An old-fashioned and twisty British crime classic.
This is the first mystery novel (and second novel) for a brilliant mystery writer. It is surprisingly well put together for such an early effort. It doesn’t feature her charming Albert Campion, but instead an avuncular older detective W.T. and his Watson-like son Jerry. The story is more old-fashioned than her others, it reminds me rather of Agatha Christie’s shorter stories but it is novella length.
W.T. is called in on a case of murder – a neighbor has wandered into another man’s house and been shot. From the start it becomes clear that everyone absolutely hates the man and has a motive. The man is even crueler than the average unlikable victim, and a kind of blackmailer who enjoys torturing his victims rather than making money from it.
The suspects are all unique. In the house we find the brimstone and fervour of the servant Estah, the nervous and charming Mrs. Christensen with her little daughter, her feisty sister, and the handicapped war hero husband Mr. Christensen. In the dead man’s household we have the grimy, worm-like Lacy and the mysteriously vanished Mr. Cellini. All have excellent motives and in some cases quite good alibis.
Moving between England and France, the novel does a good job setting the scene without a lot of details. W.T. is very kindly and intelligent, he presses for the truth. His son Jerry is much more the muscle-bound Watson or Hastings, an invaluable help to W.T. but a victim of his own emotions. (Ah, always Hastings you fall for the auburn haired girls!)
The plot is a simple one but continues to open up confusing little twists and sends you scurrying from one suspect to another along with W.T. I did not predict the ending but like any classic Golden Age novel, it provides an ah-ha moment.
30-day e-book loan courtesy of NetGalley.
A historically significant classic crime book featuring an early female sleuth.
Published by the fabulous Poisoned Pen Press, The Female Detective is a great find for anyone interested in the history of crime fiction. Originally published in 1864, I’ve heard it claimed this is the first or one of the first female detective books.
The main protagonist is a sort of female Sherlock Holmes who is vastly independent and courageous for the era.
She holds to truth and justice at whatever the cost – even to an evil old man regaining his fortune from the kindest of people.
I had a hard time connecting to her emotionally but as a beginning for the long line of female detectives this is a classic work.
30-day e-book loan courtesy of NetGalley.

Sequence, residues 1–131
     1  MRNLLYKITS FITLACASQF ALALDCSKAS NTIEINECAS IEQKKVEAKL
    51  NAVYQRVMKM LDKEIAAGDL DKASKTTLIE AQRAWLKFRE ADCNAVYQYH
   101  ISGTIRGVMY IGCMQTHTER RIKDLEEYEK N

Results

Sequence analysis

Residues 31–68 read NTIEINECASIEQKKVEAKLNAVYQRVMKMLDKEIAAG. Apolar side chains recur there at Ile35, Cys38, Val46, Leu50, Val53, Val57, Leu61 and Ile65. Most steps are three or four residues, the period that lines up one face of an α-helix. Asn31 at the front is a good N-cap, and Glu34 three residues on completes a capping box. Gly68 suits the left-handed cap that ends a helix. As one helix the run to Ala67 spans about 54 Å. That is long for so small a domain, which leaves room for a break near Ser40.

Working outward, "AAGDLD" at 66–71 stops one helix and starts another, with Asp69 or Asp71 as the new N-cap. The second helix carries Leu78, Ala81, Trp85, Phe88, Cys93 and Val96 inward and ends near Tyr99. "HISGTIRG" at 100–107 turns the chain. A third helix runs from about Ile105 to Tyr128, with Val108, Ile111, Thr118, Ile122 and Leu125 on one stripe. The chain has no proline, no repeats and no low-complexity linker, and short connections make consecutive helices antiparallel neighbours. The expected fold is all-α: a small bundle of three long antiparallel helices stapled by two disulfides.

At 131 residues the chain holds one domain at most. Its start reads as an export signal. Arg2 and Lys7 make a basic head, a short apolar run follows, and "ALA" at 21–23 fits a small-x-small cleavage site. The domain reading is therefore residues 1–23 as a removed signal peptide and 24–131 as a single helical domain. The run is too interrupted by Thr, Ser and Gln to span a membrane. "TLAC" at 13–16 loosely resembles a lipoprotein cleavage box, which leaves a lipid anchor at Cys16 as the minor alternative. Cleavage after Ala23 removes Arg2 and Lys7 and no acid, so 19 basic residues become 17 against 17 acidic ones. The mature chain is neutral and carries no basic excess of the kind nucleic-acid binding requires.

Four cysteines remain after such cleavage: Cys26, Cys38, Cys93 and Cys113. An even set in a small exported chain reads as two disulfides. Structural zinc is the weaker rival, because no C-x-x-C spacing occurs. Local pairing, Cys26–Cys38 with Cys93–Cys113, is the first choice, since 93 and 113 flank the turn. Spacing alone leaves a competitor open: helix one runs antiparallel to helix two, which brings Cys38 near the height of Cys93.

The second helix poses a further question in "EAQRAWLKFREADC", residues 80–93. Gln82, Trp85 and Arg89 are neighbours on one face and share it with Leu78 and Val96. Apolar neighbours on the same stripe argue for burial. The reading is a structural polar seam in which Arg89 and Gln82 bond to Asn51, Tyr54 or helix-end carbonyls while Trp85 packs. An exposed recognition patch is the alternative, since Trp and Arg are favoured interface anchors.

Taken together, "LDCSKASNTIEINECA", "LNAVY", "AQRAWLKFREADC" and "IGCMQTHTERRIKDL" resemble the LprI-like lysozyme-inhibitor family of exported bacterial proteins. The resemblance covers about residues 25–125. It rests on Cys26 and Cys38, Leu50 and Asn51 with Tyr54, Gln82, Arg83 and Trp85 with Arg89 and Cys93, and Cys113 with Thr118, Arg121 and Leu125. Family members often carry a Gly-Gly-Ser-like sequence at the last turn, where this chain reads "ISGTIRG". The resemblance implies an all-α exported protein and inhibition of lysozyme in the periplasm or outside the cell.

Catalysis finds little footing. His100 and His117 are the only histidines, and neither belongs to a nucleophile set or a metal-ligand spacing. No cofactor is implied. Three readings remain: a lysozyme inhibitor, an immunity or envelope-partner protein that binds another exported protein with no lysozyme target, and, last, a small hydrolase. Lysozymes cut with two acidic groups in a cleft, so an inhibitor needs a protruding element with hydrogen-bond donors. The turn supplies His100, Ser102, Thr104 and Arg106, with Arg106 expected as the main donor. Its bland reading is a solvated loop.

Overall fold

An enjoyable and fun debut featuring a 1920s sleuth and a cursed jewel.
Posie is a feisty private detective in 1920’s London with a gorgeous male assistant who thankfully doesn’t do all the dirty work. She plunges dangerously into situations without always thinking it through and they often go awry, but she makes it up in pluck.
The characters all stand out, which is a feat when juggling so many. The friend and ditzy young heir who is accused of murder (think Freddie Threepwood from Wodehouse’s ‘Leave it to Psmith’) has in fact fallen prey to a stunning femme fatale (think ‘Maltese Falcon’). Inspector Lovelace is the smart, helpful one and Inspector Oates is the grumpy, don’t-tell-me-how-to-do-things one, recognizable from many a Marple. The mastermind behind it all comes across as very Moriarty.
The setting is reasonably developed, picturesque without being over the top and immerses you in London. Every once in a while it lacks detail that would plant me more firmly in the era but overall it did the job well.
There were plenty of twists and turns as to how Posie would navigate her way through, although seasoned readers may be able to guess some pieces earlier.
An elegantly written romantic mystery with a surprisingly gruesome plot.
A Duty to the Dead was quick to read and immersed you instantly into the setting. It had many lovely and quotable passages. I was surprised by how dark the plot was, it featured multiple violent incidents against young children by authority figures.
The main character is Bess, a war nurse who was believably courageous and intelligent with a love of justice from her upbringing in India. She reminds me a lot of Anne Perry’s Charlotte Pitt.
After a deathbed request from a young soldier she nursed, Bess eventually goes to his family. She finds his mother and step-father along with two brothers. Arthur’s dying words of ‘Peregrine didn’t do it, mother must be told‘ ought to be good news – but it’s clear that the family isn’t at all pleased.
After learning Peregrine is in an insane asylum, Bess is soon caught up in the seemingly unrelated death of a young maid when the boys were kids and a local soldier who is suffering from PTSD. She continues to persevere even as more people are murdered and her life is threatened.
I’ll definitely give the next book a try, but I intend to keep an eye out for the violence level.